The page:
Educational interactions tend to have a number of different roles associated with them. Everything could bifurcate from the "autodidact", as in, (1) Autodidact, (2) Tutor-Tutee, (3) Tutor-Tutee-Peer, etc., until we have bursars, librarians, technicians, janitors, editors of peer reviewed research journals, government policy makers, spin-off industrial ventures and partnerships, and so on.
Even the autodidact may assume different roles at different points in time - sometimes building a library, sometimes constructing a model, sometimes checking a proof. The decomposition of "learning" into different phases or polarities could be an endless theoretical task. The simpler problem is to be aware of the roles that you and your teammates have in the projects you're working on.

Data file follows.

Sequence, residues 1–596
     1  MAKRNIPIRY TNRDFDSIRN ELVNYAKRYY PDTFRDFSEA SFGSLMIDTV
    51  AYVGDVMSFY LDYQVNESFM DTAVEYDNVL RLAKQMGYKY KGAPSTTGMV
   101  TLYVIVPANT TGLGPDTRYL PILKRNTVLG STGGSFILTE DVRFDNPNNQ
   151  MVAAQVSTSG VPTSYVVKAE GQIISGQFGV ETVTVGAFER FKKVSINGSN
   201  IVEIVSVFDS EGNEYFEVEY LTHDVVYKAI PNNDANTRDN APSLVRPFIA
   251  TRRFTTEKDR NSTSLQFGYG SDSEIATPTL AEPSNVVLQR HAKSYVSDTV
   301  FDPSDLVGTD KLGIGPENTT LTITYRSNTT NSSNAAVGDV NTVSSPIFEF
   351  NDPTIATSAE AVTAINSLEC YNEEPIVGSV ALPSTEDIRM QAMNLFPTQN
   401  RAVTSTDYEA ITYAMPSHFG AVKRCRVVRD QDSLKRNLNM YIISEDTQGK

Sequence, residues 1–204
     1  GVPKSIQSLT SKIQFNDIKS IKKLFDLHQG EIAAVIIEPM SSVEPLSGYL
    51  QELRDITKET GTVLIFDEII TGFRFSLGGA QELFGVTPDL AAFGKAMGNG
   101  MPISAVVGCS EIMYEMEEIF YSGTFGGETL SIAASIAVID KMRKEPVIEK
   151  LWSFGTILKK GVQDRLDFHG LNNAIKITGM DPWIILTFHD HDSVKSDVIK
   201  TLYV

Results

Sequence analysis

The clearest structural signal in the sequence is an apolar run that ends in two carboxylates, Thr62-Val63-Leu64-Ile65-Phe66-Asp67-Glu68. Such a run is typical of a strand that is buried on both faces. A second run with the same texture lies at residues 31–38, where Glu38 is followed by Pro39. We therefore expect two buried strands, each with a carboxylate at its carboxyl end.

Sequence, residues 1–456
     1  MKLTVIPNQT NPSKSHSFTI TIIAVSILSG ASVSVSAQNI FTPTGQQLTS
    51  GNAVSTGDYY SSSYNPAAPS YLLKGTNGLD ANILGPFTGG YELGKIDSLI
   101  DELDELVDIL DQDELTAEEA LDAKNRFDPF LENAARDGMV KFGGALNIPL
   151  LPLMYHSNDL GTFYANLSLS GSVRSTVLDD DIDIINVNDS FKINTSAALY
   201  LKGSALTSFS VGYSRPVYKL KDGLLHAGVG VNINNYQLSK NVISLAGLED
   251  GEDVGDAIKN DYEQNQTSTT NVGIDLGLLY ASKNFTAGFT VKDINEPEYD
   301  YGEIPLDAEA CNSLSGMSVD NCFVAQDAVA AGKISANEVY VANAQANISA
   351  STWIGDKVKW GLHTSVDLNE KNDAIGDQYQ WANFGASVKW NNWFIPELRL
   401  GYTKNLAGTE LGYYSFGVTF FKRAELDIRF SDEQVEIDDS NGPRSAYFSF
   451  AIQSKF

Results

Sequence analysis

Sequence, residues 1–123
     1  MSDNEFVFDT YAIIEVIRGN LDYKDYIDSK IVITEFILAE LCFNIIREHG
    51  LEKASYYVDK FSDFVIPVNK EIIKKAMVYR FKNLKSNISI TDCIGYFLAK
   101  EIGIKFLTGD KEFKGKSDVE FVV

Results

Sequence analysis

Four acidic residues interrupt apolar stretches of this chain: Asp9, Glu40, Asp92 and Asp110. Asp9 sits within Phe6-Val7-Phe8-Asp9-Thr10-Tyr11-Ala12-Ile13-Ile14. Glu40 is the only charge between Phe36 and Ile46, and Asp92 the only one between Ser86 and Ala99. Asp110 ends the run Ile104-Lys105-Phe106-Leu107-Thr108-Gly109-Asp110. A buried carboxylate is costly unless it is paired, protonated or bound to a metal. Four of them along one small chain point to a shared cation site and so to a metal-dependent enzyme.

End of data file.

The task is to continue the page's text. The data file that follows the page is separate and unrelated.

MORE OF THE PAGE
We've described some exercises on "metacognition" that you can apply when thinking about the roles that you're taking on and those that you'd like to take on in your project.
Roles are often present "by default" at the start of a learning process, and that they may change as the process develops. Both of these features can be challenging, but they also present learning opportunities.
We've listed some of the roles for which we're seeking volunteers in thePeeragogy.org Roadmap: Volunteer Coordinator, Seminar Coordinator, Usability Guru, Activities Master, and Tech lead. As with everything else in the roadmap, this list should be reviewed and revised regularly, as the roles are understood relative to the actual happenings in the Peeragogy project.